Projects having more than 150 Heating degree days**
(HDD18) shall consider heating systems in proposed case
to meet a base line COP of 2.5 (EER of 8.53), when heat
pumps are installed in the building.
Fans:
Fans installed in the building shall have an efficiency
equivalent to BEE 3-star rating or more.
Pumps & Motors:
Pumps & Motors installed in the building shall have an
efficiency equivalent to BEE 3-star rating or more.
Commissioning Plan for Building Equipment & Systems
Submit a plan to show how the building would be audited
for its green building performance after occupancy, with
regard to the following:

HVAC systems - chiller, VRV systems, primary &


secondary water pumps, cooling tower, AHU fans, fresh
air fans and flow settings, fresh air treatment units, heat
recovery wheel, VFDs

Unitary air-conditioners

Temperature and RH measurements in individual spaces

Pumps & motors

Lighting systems
Renwable energy systems.

CO2 monitoring system


Energy & Water metering


Building management system


DG sets or Back-up systems


Sewage treatment plant


™ny other equipments and system


A
Submit post-occupancy survey to verify occupant

comfort (lighting levels, temperature, relative humidity,
noise levels, etc.,).
Eco-friendly Refrigerants

Encourage use of eco-friendly refrigerants in the facility,


thereby minimising impact on the ozone layer.

Demonstrate that refrigerants used in the buildings


Heating, Ventilation & Air-conditioning (HVAC) equipment
are eco-friendly and have low or no Ozone Depletion
Potential (ODP) and Global Warming Potential (GWP).

Enhanced Energy Efficiency


Optimise energy consumption, to reduce negative
environmental impacts from excessive energy use.
On-site Renewable Energy

Encourage the use of on-site renewable technologies, to


minimise the environmental impacts associated with the
use of fossil fuel energy.
Renewable energy sources include solar energy, wind
power, biomass, etc.

Off-site Renewable Energy


Encourage the use of off-site renewable technologies, to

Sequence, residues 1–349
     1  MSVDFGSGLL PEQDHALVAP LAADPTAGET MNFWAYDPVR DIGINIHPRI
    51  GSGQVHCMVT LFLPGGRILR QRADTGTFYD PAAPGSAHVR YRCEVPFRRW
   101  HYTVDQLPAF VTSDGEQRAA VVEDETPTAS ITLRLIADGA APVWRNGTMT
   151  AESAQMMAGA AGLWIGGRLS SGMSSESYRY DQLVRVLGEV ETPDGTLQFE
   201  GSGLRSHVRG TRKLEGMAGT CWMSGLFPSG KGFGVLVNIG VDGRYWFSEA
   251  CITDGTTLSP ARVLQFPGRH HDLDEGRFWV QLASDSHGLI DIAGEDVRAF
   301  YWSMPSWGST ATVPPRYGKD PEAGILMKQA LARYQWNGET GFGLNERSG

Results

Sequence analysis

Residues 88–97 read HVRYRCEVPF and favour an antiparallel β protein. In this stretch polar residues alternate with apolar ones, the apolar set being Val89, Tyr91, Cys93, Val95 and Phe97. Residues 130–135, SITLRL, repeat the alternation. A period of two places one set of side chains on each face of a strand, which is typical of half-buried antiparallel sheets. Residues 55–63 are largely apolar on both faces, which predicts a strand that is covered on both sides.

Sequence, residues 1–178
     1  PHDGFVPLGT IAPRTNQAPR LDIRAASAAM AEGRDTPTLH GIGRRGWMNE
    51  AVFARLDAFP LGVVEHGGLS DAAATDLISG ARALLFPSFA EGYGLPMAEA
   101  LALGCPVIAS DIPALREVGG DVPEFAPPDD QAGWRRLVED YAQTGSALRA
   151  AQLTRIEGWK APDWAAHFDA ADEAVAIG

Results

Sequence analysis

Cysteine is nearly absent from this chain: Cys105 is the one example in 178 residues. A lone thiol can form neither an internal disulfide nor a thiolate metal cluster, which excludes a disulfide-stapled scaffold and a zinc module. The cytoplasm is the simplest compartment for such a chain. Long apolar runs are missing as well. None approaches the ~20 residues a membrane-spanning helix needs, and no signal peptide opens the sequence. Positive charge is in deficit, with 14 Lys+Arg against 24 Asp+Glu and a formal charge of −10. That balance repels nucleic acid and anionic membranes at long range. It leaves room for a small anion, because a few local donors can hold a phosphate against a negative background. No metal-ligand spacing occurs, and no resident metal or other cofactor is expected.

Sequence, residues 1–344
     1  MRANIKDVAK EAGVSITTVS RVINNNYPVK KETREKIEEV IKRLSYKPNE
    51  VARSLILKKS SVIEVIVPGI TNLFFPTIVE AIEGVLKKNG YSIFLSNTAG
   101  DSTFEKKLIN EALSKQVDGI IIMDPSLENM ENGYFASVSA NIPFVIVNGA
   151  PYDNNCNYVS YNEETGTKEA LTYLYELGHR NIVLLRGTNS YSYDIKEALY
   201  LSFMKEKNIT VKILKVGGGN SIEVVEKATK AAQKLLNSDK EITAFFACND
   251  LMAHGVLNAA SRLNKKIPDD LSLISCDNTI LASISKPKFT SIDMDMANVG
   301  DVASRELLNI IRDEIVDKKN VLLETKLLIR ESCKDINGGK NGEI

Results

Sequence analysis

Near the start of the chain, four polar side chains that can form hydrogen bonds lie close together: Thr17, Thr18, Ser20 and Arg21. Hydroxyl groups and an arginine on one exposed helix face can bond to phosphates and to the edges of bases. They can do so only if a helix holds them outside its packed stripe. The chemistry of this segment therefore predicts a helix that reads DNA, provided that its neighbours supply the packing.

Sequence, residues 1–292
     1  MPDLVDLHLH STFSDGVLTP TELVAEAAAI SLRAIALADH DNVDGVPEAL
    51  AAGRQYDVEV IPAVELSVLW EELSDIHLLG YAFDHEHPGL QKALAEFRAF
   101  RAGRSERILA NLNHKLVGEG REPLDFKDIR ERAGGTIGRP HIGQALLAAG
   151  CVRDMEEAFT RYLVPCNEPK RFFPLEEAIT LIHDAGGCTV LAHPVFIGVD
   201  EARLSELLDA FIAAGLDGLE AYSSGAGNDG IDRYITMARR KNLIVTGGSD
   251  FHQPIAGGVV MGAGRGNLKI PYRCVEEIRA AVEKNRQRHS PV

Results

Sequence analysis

minimise the environmental impacts associated with fossil
fuel energy use.
Energy Metering and Management

Demonstrate sub-metering for at least five of the following


energy use applications, as applicable:
Interior & Common area lighting ,Exterior area lighting,
Municipal water pumping,Ground water pumping,
Treated waste water pumping,Renewable energy
generation,Power backup systems (Generators sets, Gas
turbines, etc.,) ,Elevators, Escalators, Travelators, etc.,
BTU meter for chilled water consumption.
Any other energy consuming equipment and systems
9.Materials
Segregation of Waste, Post-occupancy
Facilitate segregation of waste at source to encourage
reuse or recycling of materials, thereby avoiding waste
being sent to landfills.
Building-level Facility
Provide separate bins to collect dry waste (paper, plastic,
metals, glass, etc.,) and wet waste (organic), at all the
floors and common areas of the building, as applicable.
Divert the collected waste to a centralised facility, which is
easily accessible for hauling.
Centralised Facility
In addition to dry and wet waste bins, provide separate
bins for safe disposal of the following hazardous waste, at
the centralised facility
Sustainable Building Materials
Encourage the use of building materials to reduce
dependence on materials that have associated negative
environmental impacts.
Building Reuse:
Ensure at least 50% (by area) of the structural and/or at
least 25% (by area) of the non-structural (interiors)
elements of the existing building are retained.
Reuse of Salvaged Materials:
Ensure at least 2.5% of the total building materials (by
cost) used in the building (as per owner / developer’s
scope) are salvaged or reused or refurbished.
Materials with Recycled Content: